January 6, 2015, The Associated Press
A federal mediator is getting involved in stalled contract talks between West Coast dockworkers and their employers.
Political and financial pressure has been building as each side blamed the other for the slow movement of billions of dollars of cargo across the docks at 29 seaports that are a vital trade link with Asia.
The U.S. Federal Mediation and Conciliation Service announced its involvement late Monday. While the development does not mean an immediate return to normalcy at the sea ports, a mediator has proven pivotal in past contract disputes.
The ports from San Diego to Seattle handled $892 billion in imports and exports during 2013, according to U.S. trade data. The largest, in Los Angeles and Long Beach, handle everything from Japanese cars to Chinese electronics; ports in the Pacific Northwest send apples and grain abroad. Cargo volume has been heavy in the past year as the economy has improved — and due to a range of problems, that cargo is having a hard time getting where it needs to go efficiently.
Members of the powerful International Longshore and Warehouse Union have worked without a contract since July 1. Though negotiators between the union and Pacific Maritime Association, which represents shipping lines and operators of port terminals, reached a tentative agreement on health care benefits, in recent months the two sides traded more public criticism than contract proposals.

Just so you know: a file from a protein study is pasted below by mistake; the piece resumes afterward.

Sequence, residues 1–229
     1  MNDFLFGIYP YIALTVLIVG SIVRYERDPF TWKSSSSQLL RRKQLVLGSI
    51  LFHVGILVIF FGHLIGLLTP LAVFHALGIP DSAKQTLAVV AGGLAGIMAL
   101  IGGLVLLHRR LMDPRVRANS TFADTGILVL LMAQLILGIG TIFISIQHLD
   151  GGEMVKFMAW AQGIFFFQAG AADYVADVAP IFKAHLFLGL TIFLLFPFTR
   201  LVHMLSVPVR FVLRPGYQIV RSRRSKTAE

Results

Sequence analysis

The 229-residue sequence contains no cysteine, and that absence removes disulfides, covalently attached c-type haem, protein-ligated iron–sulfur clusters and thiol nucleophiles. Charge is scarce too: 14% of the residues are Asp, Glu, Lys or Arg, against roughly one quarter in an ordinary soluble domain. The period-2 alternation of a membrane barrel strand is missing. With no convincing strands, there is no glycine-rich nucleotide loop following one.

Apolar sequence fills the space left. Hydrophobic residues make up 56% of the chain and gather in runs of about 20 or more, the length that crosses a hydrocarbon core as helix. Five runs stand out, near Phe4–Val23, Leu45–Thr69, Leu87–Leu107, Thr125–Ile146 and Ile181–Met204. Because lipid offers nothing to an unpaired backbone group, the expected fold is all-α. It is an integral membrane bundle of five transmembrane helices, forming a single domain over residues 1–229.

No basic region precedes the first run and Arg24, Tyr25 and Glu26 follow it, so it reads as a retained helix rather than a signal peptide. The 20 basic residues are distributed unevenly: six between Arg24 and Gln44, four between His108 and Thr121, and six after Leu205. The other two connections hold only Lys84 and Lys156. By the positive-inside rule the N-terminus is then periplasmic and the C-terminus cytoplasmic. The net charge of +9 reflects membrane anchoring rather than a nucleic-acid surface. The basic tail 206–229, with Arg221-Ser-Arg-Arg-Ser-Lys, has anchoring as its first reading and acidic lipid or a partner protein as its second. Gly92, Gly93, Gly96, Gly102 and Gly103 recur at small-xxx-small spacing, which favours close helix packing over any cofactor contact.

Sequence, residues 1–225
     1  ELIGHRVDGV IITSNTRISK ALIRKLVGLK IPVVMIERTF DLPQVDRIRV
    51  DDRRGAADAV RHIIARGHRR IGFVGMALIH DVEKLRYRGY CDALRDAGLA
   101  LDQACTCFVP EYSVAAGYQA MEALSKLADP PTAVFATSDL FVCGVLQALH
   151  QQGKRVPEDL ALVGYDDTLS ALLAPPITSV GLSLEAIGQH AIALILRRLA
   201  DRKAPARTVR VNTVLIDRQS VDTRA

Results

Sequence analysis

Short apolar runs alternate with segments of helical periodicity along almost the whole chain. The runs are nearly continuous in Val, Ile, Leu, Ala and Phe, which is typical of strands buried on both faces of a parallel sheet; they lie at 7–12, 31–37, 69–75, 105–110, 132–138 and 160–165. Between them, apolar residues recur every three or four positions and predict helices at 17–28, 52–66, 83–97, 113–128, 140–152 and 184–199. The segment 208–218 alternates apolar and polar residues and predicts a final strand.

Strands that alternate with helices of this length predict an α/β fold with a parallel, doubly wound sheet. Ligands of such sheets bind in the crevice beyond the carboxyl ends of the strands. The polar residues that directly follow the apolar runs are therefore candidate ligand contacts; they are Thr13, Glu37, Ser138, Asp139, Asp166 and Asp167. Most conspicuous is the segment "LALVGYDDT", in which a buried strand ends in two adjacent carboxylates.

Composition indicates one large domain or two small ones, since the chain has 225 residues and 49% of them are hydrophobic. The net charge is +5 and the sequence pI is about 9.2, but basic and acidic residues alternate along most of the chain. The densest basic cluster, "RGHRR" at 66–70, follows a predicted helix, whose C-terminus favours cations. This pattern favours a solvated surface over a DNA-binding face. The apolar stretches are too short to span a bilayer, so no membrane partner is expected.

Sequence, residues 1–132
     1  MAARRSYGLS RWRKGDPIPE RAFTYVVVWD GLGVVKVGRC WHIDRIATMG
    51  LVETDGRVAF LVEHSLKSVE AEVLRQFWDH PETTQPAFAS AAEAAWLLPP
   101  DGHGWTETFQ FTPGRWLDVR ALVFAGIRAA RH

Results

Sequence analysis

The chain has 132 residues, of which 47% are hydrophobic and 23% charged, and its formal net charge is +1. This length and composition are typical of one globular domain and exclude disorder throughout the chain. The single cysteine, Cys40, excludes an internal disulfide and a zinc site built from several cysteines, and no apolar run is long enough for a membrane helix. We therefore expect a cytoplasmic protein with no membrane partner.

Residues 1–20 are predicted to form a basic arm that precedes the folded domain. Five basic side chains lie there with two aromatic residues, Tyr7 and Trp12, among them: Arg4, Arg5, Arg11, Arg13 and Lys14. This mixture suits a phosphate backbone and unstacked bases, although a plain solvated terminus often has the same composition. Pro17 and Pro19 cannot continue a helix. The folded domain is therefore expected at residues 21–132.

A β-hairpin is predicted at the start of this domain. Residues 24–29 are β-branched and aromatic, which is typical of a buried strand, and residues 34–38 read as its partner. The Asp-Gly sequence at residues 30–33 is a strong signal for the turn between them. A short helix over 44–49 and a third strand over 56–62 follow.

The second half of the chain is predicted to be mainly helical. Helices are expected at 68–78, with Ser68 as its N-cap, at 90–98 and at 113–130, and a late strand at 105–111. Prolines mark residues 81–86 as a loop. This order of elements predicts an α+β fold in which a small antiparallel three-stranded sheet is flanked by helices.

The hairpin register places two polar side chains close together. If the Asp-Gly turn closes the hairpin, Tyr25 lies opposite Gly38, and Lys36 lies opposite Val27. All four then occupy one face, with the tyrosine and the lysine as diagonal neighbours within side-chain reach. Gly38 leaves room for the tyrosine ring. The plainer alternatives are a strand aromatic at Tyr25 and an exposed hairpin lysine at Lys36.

The maritime association accused workers of slowing down deliberately, while the union said bad management meant that among other things truck beds were not available to move containers of goods.
Citing big differences in issues including wages and work rules, the maritime association requested federal help last month.
The union had resisted, but late Monday the federal mediation service said it would get involved based upon “a joint request for assistance.”
In its statement, the service said deputy director Scot Beckenbaugh “has been assigned to help the parties bring these important negotiations to a mutually acceptable resolution.”
The National Retail Federation, which has expressed serious concerns about the impact of the slowdown on its members, called the announcement “the first positive news from the West Coast ports in some time.”
Neither the union nor the employers’ association commented on the announcement beyond confirming its authenticity.
The two sides have a contentious history dating to the union’s founding during the Great Depression.
In 2002, employers locked out dockworkers for 10 days and it was only after a federal mediator intervened that the ports reopened and negotiations resumed.